Creation Genesis 1
Special Events in Creation 2
The Temptation and Fall of Adam and Eve 3
The Story of Cain and Abel 4
Noah and the Universal Flood 6,7,8
Noah after the Flood 9
The Tower of Babel, Language change, Ethnic groups 11
The Call of Abraham 12
God called Abraham when he lived in the land of the Ur of the
Chaldees [Kuwait] where the Tigris and Euphrates Rivers flow into the Persian Gulf. God said to Abraham, “You go to a land that I will show unto you, and I will make of you a great nation and I will make your name great.” So Abraham left the land of the Ur of the Chaldees, went up the Fertile Crescent, stopped off at Haran, and then went south into the Promised Land.
When Abraham arrived there, he had a problem. He had no children. Sarah, his wife said, “You take Hagar, my Egyptian handmaid, and have a son by her.” Hagar bore him a son whose name was Ishmael. But Ishmael was not the son God had promised to Abraham. Some years later, Sarah bore a son to
Abraham whose name was Isaac. Isaac was the son God had promised to him.
Isaac had twin boys, Esau and Jacob. Esau was not the son of promise, but Jacob was the son of promise.
Jacob had twelve sons. The second from the youngest was
Joseph, who was sold by his brothers and taken into bondage in
Egypt. Some years later, because of a famine in the land,
Joseph, now second in command in Egypt, brought Jacob, his father, and his entire household to Egypt to dwell.
After 400 years, God called an Israelite by the name of Moses and said, “Moses, go tell old Pharaoh to, ‘Let my people go.’”
Moses performed miracles in Egypt that we call the 10 plagues.
Then the children of Israel followed Moses through the Red Sea to Mt. Sinai, where God gave them the Ten Commandments.
Moses then led them to a place called Kadesh Barnea where twelve men were sent into the land of Palestine to spy out the land. When the spies come back they said, “It is a land as God said it would be. It’s a land flowing with milk and honey.” Two of the spies said, “We can take the land.” Ten said, “No we can’t.” So they had a congregational meeting, to determine whether or not to posses the land. The people voted, and said,
“No, we won’t go.” God said, “Because you voted no, all those twenty years old and upward will die in the wilderness.”
So, for nearly forty years they wandered in the wilderness until all those twenty years old and older died in the wilderness.
Then Moses led them to Mt. Pisgah where he also died.
Joshua was then appointed by God to lead the people of Israel across the Jordan River into the land of Palestine, where he divided the land among the twelve tribes.
After this, the nation of Israel went through a period of seven social, spiritual, and economic ups-and-downs. This period of time is known as the Judges.
Then the children of Israel said, “We don’t want any more judges. We want a King like the nations around us.” There were three kings that ruled over all Israel. The first one was
Saul, the second David, and the third one was Solomon. Because of the sin of Solomon, the kingdom was divided. There were ten tribes in the north known as “Israel.” Their capital was
Samaria. Two tribes were in the south. They were known as
Judah. Their capital was at Jerusalem.
In the year 722 B.C., Shalmaneser, the King of Assyria, took the ten tribes of the north into captivity. They were dispersed among the provinces of Assyria and never heard from again.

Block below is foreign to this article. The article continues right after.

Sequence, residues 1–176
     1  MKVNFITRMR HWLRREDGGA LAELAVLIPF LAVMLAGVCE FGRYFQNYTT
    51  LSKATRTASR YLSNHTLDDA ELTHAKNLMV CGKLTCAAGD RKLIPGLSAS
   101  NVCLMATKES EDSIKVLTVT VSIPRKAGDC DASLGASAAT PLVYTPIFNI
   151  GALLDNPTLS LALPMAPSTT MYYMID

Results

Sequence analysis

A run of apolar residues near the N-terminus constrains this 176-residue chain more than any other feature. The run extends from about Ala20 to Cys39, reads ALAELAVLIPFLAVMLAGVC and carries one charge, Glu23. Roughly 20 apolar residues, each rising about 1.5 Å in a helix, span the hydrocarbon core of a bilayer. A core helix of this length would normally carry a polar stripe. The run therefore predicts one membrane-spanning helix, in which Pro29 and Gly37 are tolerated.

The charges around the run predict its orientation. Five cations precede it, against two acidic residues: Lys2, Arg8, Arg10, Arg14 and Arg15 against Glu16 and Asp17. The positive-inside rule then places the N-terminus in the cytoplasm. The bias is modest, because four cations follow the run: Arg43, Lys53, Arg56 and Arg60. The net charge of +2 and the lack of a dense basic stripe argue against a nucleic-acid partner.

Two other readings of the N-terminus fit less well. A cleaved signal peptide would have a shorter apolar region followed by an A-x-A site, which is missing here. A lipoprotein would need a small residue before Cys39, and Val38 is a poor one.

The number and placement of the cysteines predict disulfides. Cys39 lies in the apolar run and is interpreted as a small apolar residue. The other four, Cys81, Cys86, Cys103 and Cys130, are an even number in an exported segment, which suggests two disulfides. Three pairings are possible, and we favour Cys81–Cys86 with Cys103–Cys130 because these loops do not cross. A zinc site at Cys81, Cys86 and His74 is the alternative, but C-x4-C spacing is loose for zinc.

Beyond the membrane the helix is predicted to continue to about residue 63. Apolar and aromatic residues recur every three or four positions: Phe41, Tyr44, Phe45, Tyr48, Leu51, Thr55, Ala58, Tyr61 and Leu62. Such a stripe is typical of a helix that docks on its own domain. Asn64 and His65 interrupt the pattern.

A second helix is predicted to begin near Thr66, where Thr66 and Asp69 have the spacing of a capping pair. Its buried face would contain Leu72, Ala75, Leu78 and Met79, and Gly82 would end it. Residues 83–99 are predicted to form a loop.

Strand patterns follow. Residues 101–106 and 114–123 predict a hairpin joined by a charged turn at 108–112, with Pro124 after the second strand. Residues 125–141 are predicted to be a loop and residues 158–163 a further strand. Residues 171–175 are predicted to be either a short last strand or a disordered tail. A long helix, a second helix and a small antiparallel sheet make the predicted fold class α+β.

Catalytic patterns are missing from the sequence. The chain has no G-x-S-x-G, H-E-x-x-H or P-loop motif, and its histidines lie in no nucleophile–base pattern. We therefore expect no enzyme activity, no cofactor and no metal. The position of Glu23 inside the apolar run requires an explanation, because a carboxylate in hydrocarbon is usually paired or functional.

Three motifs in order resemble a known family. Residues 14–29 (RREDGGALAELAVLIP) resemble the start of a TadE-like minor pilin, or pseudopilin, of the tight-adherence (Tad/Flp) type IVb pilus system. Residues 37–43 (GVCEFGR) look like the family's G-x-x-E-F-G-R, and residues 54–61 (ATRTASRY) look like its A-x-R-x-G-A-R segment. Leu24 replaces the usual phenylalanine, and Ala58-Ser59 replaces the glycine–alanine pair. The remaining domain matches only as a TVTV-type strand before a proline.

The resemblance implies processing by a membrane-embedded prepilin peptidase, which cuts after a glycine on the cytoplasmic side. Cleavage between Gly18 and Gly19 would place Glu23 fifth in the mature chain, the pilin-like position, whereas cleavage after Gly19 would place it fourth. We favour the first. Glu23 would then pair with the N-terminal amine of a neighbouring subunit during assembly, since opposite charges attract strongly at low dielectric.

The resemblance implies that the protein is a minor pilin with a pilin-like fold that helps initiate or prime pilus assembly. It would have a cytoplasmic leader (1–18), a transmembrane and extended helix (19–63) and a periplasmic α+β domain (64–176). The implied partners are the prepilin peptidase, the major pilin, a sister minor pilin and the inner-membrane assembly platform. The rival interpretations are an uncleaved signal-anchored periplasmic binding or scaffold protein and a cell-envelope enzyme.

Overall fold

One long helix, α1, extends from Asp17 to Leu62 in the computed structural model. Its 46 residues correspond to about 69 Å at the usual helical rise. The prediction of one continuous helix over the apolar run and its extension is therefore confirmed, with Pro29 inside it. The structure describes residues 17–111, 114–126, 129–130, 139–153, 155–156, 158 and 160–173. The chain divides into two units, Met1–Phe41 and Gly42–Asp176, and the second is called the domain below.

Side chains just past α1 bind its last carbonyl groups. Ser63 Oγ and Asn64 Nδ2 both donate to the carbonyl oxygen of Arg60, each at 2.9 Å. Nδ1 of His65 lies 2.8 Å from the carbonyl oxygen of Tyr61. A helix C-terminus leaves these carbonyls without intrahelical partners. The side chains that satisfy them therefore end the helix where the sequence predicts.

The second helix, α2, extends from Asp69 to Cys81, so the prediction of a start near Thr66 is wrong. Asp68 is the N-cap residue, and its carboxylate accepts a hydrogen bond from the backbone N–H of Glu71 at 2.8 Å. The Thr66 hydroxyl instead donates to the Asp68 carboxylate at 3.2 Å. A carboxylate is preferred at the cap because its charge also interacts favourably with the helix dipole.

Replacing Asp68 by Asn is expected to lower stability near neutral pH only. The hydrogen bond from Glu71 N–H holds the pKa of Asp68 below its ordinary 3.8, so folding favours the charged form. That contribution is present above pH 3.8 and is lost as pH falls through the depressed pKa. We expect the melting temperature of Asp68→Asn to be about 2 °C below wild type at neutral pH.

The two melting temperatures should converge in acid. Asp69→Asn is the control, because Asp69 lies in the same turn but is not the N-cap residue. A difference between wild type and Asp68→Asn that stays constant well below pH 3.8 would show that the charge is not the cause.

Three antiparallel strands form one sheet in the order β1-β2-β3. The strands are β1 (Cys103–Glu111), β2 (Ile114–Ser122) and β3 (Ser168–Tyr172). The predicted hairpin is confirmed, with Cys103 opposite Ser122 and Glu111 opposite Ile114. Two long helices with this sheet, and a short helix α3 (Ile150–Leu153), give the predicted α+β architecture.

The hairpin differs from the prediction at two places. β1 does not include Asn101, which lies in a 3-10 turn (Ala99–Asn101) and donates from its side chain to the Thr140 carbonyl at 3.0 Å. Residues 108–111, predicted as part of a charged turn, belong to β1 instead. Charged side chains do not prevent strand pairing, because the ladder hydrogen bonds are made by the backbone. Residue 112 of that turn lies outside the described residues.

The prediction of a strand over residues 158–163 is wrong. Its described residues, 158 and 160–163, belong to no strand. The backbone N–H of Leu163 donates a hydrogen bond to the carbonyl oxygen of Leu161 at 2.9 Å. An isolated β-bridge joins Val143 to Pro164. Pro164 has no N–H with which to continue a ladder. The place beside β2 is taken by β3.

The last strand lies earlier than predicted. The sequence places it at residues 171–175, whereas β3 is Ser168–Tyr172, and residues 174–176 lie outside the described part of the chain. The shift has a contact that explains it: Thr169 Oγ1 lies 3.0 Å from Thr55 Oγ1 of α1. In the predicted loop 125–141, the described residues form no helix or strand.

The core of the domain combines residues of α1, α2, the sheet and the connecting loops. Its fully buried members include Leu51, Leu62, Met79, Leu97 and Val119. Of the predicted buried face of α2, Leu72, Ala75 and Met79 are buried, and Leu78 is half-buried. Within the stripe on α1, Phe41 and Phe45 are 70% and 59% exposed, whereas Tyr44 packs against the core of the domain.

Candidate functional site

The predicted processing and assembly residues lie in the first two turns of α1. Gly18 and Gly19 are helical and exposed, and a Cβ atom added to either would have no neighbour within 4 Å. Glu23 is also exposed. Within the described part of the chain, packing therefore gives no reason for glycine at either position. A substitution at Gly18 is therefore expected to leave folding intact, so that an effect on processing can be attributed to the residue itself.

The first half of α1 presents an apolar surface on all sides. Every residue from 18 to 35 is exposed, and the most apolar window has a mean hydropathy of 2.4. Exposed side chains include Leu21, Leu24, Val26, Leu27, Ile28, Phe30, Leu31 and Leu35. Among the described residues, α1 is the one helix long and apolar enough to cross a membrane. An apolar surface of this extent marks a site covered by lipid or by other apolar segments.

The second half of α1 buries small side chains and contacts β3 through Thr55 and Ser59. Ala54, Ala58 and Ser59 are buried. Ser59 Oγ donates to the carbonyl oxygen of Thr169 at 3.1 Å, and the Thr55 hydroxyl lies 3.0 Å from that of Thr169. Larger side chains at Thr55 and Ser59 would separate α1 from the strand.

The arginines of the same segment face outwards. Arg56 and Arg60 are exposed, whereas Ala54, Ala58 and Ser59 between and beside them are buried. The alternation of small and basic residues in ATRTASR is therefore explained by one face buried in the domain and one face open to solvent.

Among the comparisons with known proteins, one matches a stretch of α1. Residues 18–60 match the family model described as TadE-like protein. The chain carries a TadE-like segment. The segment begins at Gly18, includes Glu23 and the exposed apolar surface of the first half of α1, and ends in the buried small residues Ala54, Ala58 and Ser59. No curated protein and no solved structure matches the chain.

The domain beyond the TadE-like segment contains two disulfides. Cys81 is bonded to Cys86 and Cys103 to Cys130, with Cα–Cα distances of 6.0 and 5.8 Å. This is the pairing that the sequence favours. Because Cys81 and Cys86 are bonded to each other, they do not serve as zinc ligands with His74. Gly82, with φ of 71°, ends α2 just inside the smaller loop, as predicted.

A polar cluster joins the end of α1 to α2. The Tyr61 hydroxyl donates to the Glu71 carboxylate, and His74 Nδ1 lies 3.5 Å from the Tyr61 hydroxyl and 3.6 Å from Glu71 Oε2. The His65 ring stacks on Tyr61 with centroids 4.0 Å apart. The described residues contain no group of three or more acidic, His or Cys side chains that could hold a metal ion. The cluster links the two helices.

In 606 B.C., Nebuchadnezzar came from Babylon and took the two tribes from the south into captivity. They were there for seventy years. After this period of time, Ezra and Nehemiah led about 50,000 of the children of Israel back to Jerusalem. Here they rebuilt the city walls, their houses, and the temple.
And that is the chronological end of the Old Testament.
For the next 400 years there were no messages from God to the prophets and the people. But that silence was broken when the angel Gabriel was sent from God to a Jewish priest named
Zacharias. He was told that his wife would bear the
“forerunner of the Messiah.” His name was to be called John.
Six months later Gabriel was sent to the virgin Mary to tell her that she was to be the mother of the Messiah. She was told that God would implant His seed in her and that this One would be the Son of God.
The New Testament record begins with four separate accounts of the life of Christ. Matthew presents Jesus Christ as the rightful heir to the throne of King David. Mark presents Him as the Servant of the Lord. Dr. Luke presents Him as the Perfect
Man. And John presents Him as the Son Of God.
The Book of Acts tells us about the formation of the church and the transition from the Law of Moses to a new way of living under grace principles for Christians.
The next 21 books and letters were written by the Apostles
Paul, Peter, John, and by the two half brothers of Jesus, James, and Jude to give instructions on how Christians should live.
The Book of Revelation tells us about the future of the church, the nation of Israel, the Antichrist, the devil, demons, and the fate of unbelievers. It concludes with the creation of a new heavens and earth.
*Adapted from Dr. John White’s “The Panorama Of The Old Testament.”
Used by permission.
Merely knowing these facts won’t get you to heaven. We must
believe on the Lord Jesus Christ to be saved. Acts 16:31
Believe that He died for your sins, was buried, and rose again bodily the third day, and was seen by over 500 witnesses before ascending back to heaven with a promise to return for His own.
1 Corinthians 15:3-8; John 14:1-3